“No, I don’t (carry things on my head). That is a woman’s duty and nothing to do with me. I became a man and I am a man and that is all. Why should I assume women’s work anymore?” – Taptuwei
In our last article, we looked at some of the possible reasons–outside of queerness–that two Nandi women may be married. Now, we’ll take a look at the other side. Though it is widely held that these marriages are exclusively platonic, there is little evidence to support the claim across the board.
Like all marriages, these women-to-women marriages are influenced by a number of factors aside from sexual and romantic attraction, and are often calculated decisions. It’s true that throughout history, sexual intercourse hasn’t always played a major role in marriage. In parts of Europe, for instance, sex motivated by anything other than conception has been taboo and faced explicit bans. Yet it is rare for these marriages to be dismissed as platonic.
Further, any lack of sexual relationship between two married women doesn’t necessitate a platonic relationship. In addition to safety concerns in regards to Kenyan laws, asexual women have existed and continue to exist. Regardless of reason, women-to-women marriages without sex can be equally fulfilling.
Of course, when discussing women-to-women marriages, we have to acknowledge the experience of the partner expected to give birth to a son. Her sexual partner was often chosen by her wife, but it’s clear that she also played a part in approving whomever was chosen and had the power to reject someone if she wanted to.
Though she was permitted to seek out relationships aside from her female-husband and the partner they chose, it was neither expected nor required. The child would not have a relationship with the person who happens to be their biological father at all.
Once born, the child would be the son of the two women, leaving the biological father no obligation nor rights to him. Instead, the female-husband took on the role of the father and fulfilled all the ideals that came with the title.
While female-husbands are not required to adhere to the same rules as other men, many take on the role happily and refuse any task intended for women. Taptuwei, a female-husband, said:
“No, I don’t (carry things on my head). That is a woman’s duty and nothing to do with me. I became a man and I am a man and that is all. Why should I assume women’s work anymore?”
While the women-to-women marriages practiced by the Nandi aren’t inherently a queer practice, it’s a practice that may be appealing for queer women. It’s an option that can be taken advantage of, and almost certainly has been.
Some historians have argued that this interpretation is an invention of the West attempting to insert queerness in a country with none; that is unequivocally false. Though missionaries violently destroyed many parts of Kenyan culture and history, the evidence exists. The history is rich and continues on. Queer people have existed in Kenya and will continue to exist. And for some queer women, these marriages were and are a safe option to live the best lives they can.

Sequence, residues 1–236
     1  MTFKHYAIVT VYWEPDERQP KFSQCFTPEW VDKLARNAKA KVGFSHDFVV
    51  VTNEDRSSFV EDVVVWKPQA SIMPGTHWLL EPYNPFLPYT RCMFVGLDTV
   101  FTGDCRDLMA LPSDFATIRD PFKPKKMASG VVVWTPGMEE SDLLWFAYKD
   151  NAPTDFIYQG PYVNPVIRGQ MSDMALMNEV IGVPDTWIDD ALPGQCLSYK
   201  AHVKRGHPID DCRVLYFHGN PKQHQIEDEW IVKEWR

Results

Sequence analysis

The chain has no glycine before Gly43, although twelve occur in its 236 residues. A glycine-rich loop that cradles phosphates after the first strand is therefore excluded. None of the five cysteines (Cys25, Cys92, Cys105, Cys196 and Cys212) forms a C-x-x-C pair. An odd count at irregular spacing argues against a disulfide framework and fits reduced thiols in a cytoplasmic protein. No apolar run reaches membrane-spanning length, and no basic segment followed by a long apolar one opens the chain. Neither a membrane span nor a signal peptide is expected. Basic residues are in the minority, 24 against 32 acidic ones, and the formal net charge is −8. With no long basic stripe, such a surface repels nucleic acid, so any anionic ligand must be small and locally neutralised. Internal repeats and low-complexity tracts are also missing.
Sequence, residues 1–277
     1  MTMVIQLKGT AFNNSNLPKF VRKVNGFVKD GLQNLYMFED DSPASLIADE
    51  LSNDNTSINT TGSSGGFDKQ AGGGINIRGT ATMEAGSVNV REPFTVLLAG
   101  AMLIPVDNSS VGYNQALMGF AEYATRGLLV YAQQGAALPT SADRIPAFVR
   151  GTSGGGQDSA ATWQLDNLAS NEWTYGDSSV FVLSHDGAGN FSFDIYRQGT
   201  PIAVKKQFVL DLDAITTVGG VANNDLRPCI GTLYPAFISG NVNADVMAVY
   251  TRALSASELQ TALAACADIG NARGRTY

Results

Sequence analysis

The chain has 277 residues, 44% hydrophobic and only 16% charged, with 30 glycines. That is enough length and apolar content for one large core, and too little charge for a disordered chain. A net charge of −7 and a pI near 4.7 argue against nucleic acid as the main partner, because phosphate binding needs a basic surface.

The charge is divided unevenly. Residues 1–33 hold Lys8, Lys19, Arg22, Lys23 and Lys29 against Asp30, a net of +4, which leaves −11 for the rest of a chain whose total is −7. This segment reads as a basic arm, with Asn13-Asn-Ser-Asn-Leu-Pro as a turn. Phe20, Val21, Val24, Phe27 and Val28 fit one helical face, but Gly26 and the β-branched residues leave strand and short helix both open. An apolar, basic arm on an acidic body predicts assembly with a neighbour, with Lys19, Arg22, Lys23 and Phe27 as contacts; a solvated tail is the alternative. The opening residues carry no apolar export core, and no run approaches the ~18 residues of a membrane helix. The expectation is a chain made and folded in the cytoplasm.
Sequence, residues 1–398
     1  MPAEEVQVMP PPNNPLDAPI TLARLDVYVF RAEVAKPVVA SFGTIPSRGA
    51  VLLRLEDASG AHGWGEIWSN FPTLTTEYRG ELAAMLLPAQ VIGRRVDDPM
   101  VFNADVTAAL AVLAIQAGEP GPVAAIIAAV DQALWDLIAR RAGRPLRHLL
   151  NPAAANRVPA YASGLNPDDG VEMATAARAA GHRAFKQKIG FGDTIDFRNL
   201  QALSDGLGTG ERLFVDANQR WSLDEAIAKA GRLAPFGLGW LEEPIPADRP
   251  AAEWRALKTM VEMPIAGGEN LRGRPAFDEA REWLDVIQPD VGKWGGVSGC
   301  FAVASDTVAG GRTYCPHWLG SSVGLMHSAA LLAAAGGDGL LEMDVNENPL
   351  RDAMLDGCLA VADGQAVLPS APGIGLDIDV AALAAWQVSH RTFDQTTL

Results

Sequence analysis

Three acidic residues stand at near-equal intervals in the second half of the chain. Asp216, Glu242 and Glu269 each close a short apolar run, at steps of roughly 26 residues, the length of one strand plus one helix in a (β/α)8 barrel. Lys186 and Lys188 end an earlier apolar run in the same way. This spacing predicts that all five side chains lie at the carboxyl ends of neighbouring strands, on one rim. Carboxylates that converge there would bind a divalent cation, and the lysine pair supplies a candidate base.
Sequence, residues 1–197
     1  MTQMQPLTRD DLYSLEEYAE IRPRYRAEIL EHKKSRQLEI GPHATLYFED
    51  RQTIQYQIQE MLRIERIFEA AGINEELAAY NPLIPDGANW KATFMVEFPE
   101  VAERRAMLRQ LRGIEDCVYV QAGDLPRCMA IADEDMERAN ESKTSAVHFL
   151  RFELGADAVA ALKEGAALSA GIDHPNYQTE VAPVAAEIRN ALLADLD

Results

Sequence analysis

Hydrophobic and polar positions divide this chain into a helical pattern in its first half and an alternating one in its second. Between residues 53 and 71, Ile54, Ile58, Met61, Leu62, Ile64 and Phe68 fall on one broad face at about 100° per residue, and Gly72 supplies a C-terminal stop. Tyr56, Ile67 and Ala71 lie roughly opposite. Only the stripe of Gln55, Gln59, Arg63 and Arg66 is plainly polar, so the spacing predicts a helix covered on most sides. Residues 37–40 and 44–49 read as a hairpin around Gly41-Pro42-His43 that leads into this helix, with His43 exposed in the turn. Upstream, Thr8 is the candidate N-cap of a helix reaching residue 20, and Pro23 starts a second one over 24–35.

Because customary law is defined as “The law consisting of customs that are accepted as legal requirements or obligatory rules of conduct, practices and beliefs that are so vital and intrinsic a part of social and economic system that it is treated as if they were laws,” women-to-women marriages continue to be protected. Hopefully, they will continue on long into the future. Nandi culture deserves to be protected and allowed to thrive, queer or otherwise. This is just another way in which society adapts to the fact that gender and sexuality do not always fit binary and heterosexist ideas.
[Disclaimer: some of the sources may contain triggering material]
Boakye, B. (2018 April). The fascinating history of Africa’s female husbands. Retrieved from https://face2faceafrica.com/article/fascinating-history-africas-female-husbands
Cadigan, R. (1998). Woman-to-woman marriage: practices and benefits in Sub-Saharan Africa. Retrieved from https://media.smith.edu/media/assistivetech/atlibrary/cardigan_woman.pdf
Oboler, R. (1980). Is the Female Husband a Man? Woman/Woman Marriage among the Nandi of Kenya. Ethnology, 19(1), 69-88. doi:10.2307/3773320
Ojwang, J., & Kinama, E. (2014). Woman-to-Woman Marriage: A Cultural Paradox in Contemporary Africa's Constitutional Profile. Verfassung Und Recht in Übersee / Law and Politics in Africa, Asia and Latin America, 47(4), 412-433. Retrieved from http://www.jstor.org/stable/43239752
Telewa, M. (2012 February). Kenya's legal same-sex marriages. Retrieved from https://www.bbc.com/news/world-africa-16871435
The Gay and Lesbian Coalition of Kenya. (2016 February). Research on the Lived Experiences of LBQ Women in Kenya. Retrieved from https://issuu.com/galckkenya/docs/research_on_the_lived_experiences_o
The International Lesbian, Gay, Bisexual, Trans and Intersex Association. (2011 July). Kenya: Mombasa Court Recognizes Woman to Woman Marriage. Retrieved from https://ilga.org/kenya-mombasa-court-recognizes-woman-to-woman-marriage